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How To Get Started With Macro Photography

Bakari Chavanu 02-02-2010

macro photographyMacro photography is one of the great art forms of the image-making genre. Most novice photographers rarely try it because they are accustomed to point-and-shoot photography, which is the complete opposite to approach macro photography. But this art form can be achieved by anyone interested in learning how to handle some essential macro photography techniques.


Most compact and 35mm cameras can handle macro photography, especially if they feature a macro shooting mode. A 50mm prime lens works well with 35mm cameras for macro photography. You can also purchase lenses specifically designed for macro photography, but don’t let not having a dedicated lens keep you from taking macro shots.

how to macro photography

Most digital cameras have a macro mode feature that can be useful for close-up shots. This setting is usually indicated by a flower icon inside the camera’s menu settings on the camera dial settings. Note, however, that using the macro mode or any preset mode your camera may not allow manual control over other settings like the flash. In other words, in these modes, the camera may force you to use the built-in flash if it thinks extra light is needed.

A sturdy tripod and a way to trigger the camera’s shutter without pressing the shutter with your finger is very useful macro photography. A camera”˜s self-timer or a wired or wireless remote trigger can also be used for hands-free firing of the shutter.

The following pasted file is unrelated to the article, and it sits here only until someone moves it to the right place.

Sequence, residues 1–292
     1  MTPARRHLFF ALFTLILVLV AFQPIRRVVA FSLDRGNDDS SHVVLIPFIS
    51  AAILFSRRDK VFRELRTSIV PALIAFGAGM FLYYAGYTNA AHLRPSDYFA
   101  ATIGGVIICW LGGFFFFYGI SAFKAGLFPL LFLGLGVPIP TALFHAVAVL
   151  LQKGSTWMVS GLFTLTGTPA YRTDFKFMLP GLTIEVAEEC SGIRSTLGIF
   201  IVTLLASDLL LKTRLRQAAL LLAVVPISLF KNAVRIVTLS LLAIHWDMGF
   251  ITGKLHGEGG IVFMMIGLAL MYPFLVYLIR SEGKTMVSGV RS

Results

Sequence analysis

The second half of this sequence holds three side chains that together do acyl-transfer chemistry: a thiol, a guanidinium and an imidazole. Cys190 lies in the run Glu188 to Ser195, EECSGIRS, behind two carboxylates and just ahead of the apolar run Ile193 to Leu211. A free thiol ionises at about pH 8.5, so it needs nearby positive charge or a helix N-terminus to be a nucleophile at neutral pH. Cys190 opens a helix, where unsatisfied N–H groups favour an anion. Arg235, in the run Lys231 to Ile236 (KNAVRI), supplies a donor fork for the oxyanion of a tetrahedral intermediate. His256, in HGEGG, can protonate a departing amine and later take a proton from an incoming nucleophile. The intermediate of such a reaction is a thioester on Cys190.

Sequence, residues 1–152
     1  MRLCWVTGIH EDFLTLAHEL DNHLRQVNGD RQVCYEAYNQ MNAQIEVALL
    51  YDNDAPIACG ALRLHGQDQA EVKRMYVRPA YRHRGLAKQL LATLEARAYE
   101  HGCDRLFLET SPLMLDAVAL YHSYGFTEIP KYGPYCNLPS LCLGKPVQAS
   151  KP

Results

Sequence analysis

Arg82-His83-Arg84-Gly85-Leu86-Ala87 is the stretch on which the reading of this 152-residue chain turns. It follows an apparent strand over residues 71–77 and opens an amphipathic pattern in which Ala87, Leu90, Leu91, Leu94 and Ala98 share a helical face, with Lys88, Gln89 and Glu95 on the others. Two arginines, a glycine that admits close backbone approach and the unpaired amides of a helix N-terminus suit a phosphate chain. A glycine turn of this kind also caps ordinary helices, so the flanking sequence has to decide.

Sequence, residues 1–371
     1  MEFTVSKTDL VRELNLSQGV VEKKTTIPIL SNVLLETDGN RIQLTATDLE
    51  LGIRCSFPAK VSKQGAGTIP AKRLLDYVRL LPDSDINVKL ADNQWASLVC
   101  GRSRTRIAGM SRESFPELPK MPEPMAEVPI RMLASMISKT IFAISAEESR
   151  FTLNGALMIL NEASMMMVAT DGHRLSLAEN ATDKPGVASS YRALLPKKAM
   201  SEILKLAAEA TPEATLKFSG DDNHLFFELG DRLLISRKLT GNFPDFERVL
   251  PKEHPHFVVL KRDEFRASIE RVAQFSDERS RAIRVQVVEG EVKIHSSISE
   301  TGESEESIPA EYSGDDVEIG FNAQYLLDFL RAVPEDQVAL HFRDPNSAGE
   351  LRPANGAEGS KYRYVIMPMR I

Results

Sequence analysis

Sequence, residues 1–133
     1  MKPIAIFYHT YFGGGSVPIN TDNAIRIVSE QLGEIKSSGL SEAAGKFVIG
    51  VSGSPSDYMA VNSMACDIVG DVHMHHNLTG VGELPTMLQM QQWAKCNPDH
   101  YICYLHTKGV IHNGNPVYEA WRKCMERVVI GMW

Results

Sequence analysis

Subjects for Macro Photography

When we think of macro photography we usually think of flowers as the subject. But that’s not the case. You can start learning macro photography using household items. In fact, practicing macro photography indoors is recommended before venturing outside for nature shots.

The photo below is one of about hundred shots I took of two forks. I simply put them on my kitchen table near a large window with the early morning light coming through. Using the macro mode on my Canon Powershot G9, I spent about thirty minutes shooting from different angles and arranging the forks in different formations. I kept the camera’s widest aperture setting of f/2.8 for a shallow depth of field.